HAVE been with the same bank for 20 years and am wondering if I should switch my current account. Is it a hassle to switch your current account to another bank? Jo, Raheny, Dublin 5 WITH the Central Bank of Ireland’s Code of Conduct on the Switching of Payment Accounts with Payment Service Providers, it should be very straightforward to move your account. You might also save some money on bank charges too.
The Central Bank’s code is designed to make switching your current account quick and easy. All banks or payment service providers offering current accounts in Ireland must comply with the code. Under this code, your new provider must have your new account up and running within 10 working days of the switching date — this is the date agreed between you and your new bank or payment service provider for the process to start. You will be given the option to keep your old account, or to close it.
If you keep your old account open, you may have to pay charges on this account and stamp duty on your cards, even if you no longer use it. If you decide to close your old account, return any unused cheques to your old bank or payment service provider to receive a refund of government stamp duty.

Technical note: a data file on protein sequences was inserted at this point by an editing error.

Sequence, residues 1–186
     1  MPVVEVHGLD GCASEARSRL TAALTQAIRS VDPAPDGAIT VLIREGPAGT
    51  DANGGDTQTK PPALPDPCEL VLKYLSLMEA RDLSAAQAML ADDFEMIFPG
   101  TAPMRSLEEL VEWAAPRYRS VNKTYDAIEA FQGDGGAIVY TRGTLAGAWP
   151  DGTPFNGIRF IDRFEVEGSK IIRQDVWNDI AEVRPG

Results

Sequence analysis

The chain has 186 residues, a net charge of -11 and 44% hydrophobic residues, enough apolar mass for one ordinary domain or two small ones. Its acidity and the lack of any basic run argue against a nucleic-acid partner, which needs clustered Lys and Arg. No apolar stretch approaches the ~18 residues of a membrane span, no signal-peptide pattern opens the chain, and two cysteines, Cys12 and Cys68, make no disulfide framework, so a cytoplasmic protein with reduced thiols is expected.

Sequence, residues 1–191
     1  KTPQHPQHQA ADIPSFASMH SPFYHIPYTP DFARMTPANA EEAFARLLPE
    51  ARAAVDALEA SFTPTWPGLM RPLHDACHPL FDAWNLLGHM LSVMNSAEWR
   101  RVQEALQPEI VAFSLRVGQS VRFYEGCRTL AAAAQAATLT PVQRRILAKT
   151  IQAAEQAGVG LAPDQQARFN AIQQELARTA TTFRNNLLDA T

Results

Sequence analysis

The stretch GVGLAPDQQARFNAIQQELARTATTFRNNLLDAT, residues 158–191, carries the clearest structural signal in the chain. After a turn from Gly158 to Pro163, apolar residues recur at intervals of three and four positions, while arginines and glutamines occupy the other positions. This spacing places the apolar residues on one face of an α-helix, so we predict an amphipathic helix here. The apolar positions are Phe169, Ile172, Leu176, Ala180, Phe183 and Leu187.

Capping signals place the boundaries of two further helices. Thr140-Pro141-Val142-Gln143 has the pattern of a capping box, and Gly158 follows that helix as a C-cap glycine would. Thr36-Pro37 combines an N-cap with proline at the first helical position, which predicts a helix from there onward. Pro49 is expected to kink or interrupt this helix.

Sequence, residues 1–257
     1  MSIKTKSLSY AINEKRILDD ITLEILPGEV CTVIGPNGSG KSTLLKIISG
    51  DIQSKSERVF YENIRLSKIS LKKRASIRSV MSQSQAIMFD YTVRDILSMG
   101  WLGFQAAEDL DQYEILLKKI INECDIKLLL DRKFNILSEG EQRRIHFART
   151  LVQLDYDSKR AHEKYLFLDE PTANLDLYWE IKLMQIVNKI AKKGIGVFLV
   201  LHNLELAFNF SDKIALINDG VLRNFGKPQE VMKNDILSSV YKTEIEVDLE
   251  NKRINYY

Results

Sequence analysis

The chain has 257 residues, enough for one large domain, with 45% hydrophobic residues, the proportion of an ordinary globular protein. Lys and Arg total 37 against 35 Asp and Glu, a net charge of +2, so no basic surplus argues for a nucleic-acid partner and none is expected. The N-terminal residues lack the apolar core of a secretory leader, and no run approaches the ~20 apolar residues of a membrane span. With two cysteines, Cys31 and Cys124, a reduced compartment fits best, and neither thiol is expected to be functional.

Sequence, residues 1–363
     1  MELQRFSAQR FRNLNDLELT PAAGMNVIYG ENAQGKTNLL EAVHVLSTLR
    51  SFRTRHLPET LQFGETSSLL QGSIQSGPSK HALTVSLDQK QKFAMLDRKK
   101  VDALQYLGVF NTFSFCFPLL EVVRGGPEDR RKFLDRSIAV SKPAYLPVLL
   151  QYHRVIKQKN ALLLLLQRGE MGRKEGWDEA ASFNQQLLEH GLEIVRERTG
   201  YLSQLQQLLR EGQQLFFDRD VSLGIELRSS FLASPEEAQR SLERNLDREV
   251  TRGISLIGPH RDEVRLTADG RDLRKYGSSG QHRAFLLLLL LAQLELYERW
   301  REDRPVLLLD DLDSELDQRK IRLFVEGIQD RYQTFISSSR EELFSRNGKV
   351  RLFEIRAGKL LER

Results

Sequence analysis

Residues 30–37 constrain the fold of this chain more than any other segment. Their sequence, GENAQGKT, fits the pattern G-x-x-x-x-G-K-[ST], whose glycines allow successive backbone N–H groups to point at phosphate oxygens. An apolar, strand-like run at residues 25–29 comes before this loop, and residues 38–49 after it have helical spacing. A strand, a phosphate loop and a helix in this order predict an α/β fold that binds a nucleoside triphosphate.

Do a quick check to see if you could make some savings. Some banks or payment service providers still offer free banking but this usually comes with conditions such as having to permanently have a set amount of money in your current account (which will likely earn no interest) or lodging a certain amount per month or quarter.
Make sure you know what bank charges and fees you are paying by having a look at your bank statements and also check the volume of transactions on your account and see if you can reduce them. If you decide to switch, choose carefully and make your decision based on how you use your account. There is a current account comparison on ccpc.ie to compare fees and features.